Tag Archives: Autism

I Was In Her Shoes

And I’m sorry anyone has to be in those worn out old shoes.

See, she’s tired.  Tired of struggling with a special needs child with little help from her husband.  Tired of being the only one to research said child’s problems.  Tired of being the only one to seek out interventions and be told by her partner that it is too difficult or complicated.  Tired of being the only one to meet with school, take child to therapy, etc.  Tired of being the only one responsible for the house work, the cooking, and everything.

Having a special needs child makes the parenting partnership VERY important and she’s not getting it.

If you are the kind of person to pray, pray for all of the mothers who are at their wits end trying to manage on their own even though they have a capable partner.  If you’re not the kind of person who prays, just think good thoughts for people in that situation.

I’m sure there are also fathers out there in this boat too.  But I met a mom in these shoes and I’ve been in these shoes – so my focus is on moms.

Because people who need to do things on their own, even though they have a partner, need our support.

Reason to Believe?

In response to Reason to Believe.

For me it is the belief that there is always room for improvement, a belief that I can learn something new, a belief that I can make changes that will allow me to be happier, a belief that I have some level of control over my future.  I will boil this down to the most simple form:

I believe because the alternative is bleak, like the bare branches of the background of this tree.

I need hope in my life. I need to be able to see the potential in a bleak situation and my belief helps me do that.

I will not give up on my youngest son.  I support him and believe he has a reasonable chance to be happy and productive in his adult life in spite of Autism.

I did not give up on my marriage when we were having difficulties.  It was very difficult at times, but I always believed that we could improve – and we did.  No – we’re not perfect but that wasn’t the goal.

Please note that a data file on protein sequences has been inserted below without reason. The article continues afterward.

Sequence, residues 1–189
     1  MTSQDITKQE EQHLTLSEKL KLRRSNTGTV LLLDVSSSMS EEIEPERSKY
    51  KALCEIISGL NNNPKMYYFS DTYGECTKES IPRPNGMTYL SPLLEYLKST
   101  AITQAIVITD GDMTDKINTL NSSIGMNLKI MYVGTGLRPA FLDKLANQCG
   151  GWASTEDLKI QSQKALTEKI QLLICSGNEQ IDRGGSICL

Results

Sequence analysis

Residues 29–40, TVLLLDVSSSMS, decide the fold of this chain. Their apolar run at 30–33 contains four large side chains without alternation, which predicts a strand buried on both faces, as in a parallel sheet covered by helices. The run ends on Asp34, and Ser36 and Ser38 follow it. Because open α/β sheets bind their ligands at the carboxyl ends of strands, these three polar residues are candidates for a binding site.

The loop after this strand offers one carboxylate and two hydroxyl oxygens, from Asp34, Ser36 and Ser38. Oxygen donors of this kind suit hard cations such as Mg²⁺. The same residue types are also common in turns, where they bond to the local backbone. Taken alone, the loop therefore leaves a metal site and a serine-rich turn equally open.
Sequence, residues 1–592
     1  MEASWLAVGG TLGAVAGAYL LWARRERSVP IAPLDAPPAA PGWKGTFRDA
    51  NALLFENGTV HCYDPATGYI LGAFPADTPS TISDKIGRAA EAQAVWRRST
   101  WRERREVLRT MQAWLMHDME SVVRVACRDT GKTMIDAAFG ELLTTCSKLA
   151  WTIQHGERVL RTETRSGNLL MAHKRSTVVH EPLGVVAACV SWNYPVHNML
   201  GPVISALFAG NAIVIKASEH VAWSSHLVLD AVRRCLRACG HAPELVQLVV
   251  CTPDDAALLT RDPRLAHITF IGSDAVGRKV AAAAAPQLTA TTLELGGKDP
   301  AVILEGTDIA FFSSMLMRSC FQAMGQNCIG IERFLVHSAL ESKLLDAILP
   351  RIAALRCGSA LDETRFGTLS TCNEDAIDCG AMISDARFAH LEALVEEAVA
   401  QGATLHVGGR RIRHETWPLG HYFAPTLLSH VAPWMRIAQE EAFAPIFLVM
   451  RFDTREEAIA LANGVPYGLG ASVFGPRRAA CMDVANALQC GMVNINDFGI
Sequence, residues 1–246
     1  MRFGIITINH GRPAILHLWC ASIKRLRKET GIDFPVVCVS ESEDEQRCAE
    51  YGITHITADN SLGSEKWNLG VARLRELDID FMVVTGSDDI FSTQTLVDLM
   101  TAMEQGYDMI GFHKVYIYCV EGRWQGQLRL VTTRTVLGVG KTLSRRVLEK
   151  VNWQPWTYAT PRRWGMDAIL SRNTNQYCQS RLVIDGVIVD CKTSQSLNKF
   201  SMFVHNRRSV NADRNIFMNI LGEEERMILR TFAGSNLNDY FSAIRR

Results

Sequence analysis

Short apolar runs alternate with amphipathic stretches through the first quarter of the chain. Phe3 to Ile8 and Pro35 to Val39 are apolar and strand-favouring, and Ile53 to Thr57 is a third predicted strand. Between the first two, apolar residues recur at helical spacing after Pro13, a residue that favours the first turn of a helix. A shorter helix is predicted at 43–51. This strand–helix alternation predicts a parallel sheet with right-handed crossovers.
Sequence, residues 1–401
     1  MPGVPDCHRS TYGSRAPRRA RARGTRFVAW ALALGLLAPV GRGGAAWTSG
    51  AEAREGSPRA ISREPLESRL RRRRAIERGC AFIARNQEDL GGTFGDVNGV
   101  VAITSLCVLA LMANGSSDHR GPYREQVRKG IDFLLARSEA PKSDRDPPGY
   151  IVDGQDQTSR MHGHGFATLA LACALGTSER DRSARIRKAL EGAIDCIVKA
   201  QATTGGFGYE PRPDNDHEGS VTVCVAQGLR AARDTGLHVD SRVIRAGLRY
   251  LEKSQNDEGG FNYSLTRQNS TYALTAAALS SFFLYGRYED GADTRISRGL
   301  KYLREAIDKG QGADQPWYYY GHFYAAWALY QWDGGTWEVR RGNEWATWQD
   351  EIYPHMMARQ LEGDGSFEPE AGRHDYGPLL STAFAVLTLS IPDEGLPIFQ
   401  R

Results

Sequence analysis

I did not give up on my oldest son when he was depressed and anxious beyond what a 10ish year old should ever be.  I believed that he just needed help coping with the stress of having a special needs brother, help that I wasn’t able to provide myself because I also needed help.

I did not give up on myself when I reached an all time low and was eating frosting for the sugar high.  I believed that there was something better for me and that I just needed help to change my mindset to be more positive.

Had I not believed, I would be a divorced mom of two boys with constant worry that one would end up in jail and the other would engage in self-destructive behaviors to handle his stress.

Here are some thoughts from others:

http://abozdar.wordpress.com/2014/04/30/tree-of-life/
http://abozdar.wordpress.com/2014/04/30/reponse/
http://rickenba.ch/blog/en/2014/01/20/refinement-and-thirst/
http://rickenba.ch/blog/en/2013/07/12/lets-go-on-a-search/
http://rickenba.ch/blog/en/2013/06/14/my-faith/
http://fibijeeves.wordpress.com/2014/05/01/i-believe/
http://mumbaimornings.com/2013/05/07/morning-event-maharashtra-day-ride-of-freedom-and-belonging/
http://kosheradobo.com/2013/11/19/north-star-points-right/
http://tonkadella.wordpress.com/2014/05/01/what-you-believe-you-are/
http://wp-cron.com/2014/05/01/reason-to-believe/
http://jitterygt.wordpress.com/2014/05/01/beware-of-this-propmt/
http://theflavoredword.com/2014/05/01/believe-even-beyond-the-power-of-reason/
http://aimanpeer.wordpress.com/2014/05/01/guess-who/
http://nenskeifacestheworld.wordpress.com/2014/05/01/i-am-still-breathing/
http://ofglassandpaper.com/2014/05/01/dailyprompt-reason-to-believe-and-reflections-on-a-challenge/
http://reaspracticeblog.wordpress.com/2014/05/01/reason-to-believe/
http://vulnerablechristian.wordpress.com/2014/05/01/why-do-you-believe/
http://tnkerr.wordpress.com/2014/05/01/daily-prompt-reason-to-believe/
http://www.prayersandpromises.org/finding-hope-dead-end-road/
http://allthingscuteandbeautiful.wordpress.com/2014/05/01/daily-prompt-being-a-believer-2/